Knees can be a problem, even for those of you who do not exercise. They can give out when you least expect it, they can sound like you're grinding walnuts and they can even slide out of alignment.
The sliding kneecap is an interesting phenomenon, not just for the exercise students but also for the instructor. As an instructor, you may complete half of your aerobic portion of class when suddenly you see one of your students stop suddenly and calmly manipulate a kneecap back to its original position.
That sliding kneecap has a fancy name, either subluxation or dislocation depending on whether it has jumped the track totally or only in part.
Your knee gets its strong powerful movement from the extensor mechanism. This mechanism is a combination of the quadriceps muscle, kneecap and tibia. All working together, they can generate a force up to five times your body weight. And that little kneecap is only about one inch thick but can take a force of 1,000 to 2,000 pounds. The knee takes a large beating from sports activities, lifting, carrying weights, sudden starts and stops and off balance quick turns. Now, normally your kneecaps do not wobble side to side; they travel in a track with up and down movement. Keeping it stabilized is the muscular heads of the quad muscle plus the groove in the end of the femur, the knee joint capsule and the quadriceps tendon.
If the balance of your kneecap movement is off center, perhaps by having a shallow grove in the femur or having muscle imbalance, you may wind up with a sliding kneecap just from bending and straightening your legs.
When the kneecap jumps the track entirely, it is called subluxation. A partial is dislocation. These conditions can happen because of the overpowering of the outer structures of the knee, the capsule and the outer quadriceps.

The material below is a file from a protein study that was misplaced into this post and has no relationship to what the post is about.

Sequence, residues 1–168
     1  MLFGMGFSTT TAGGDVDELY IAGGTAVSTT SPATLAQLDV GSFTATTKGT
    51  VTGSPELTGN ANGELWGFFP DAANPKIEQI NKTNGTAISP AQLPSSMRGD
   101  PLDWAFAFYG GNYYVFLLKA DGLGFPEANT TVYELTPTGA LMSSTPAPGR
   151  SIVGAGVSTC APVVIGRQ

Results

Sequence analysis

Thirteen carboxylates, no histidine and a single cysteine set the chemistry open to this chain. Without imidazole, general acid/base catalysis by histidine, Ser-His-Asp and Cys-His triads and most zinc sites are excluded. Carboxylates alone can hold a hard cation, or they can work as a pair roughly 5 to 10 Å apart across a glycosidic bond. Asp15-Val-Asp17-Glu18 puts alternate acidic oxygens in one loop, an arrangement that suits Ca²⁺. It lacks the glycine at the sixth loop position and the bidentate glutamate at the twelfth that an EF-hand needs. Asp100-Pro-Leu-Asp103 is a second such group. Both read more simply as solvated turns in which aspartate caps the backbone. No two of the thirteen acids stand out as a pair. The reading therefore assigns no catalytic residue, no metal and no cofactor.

Some people have naturally high riding kneecaps, they sit up too high on the leg just due to structure (tall thin). There are those small portions of people who have small kneecaps which inhibit the smooth riding of the kneecap. And also there are those people with a shallow groove for the kneecap to ride on.
You can test your own kneecap by sitting on the edge of a table and holding your kneecap while you straighten and bend your knee. You can feel if it doesn't travel a straight path, and if it moves more than a half inch either way, you have a loose kneecap. There are other more scientific ways to test for lose or sliding kneecaps. Check with your doctor if you have any doubt. It's better to spend a little time and money to prevent later damage. It might be as simple as wearing a knee brace or learning to strengthen the opposite muscle groups to even the pull on the kneecap. I watch in class for knees that bend in, or feet that do not hit the ground evenly. That can be a beginning indication of future problems.
Watch yourself in a mirror when you run and see how straight and even you pump those feet up and down. Stopping and relocating your kneecaps is a good conversation piece, but a doctor should advise you on your structural defect.
Jerry Vance is certified by the American Council on Exercise and teaches fitness at the Carson City Community Center and for the American Lung Association.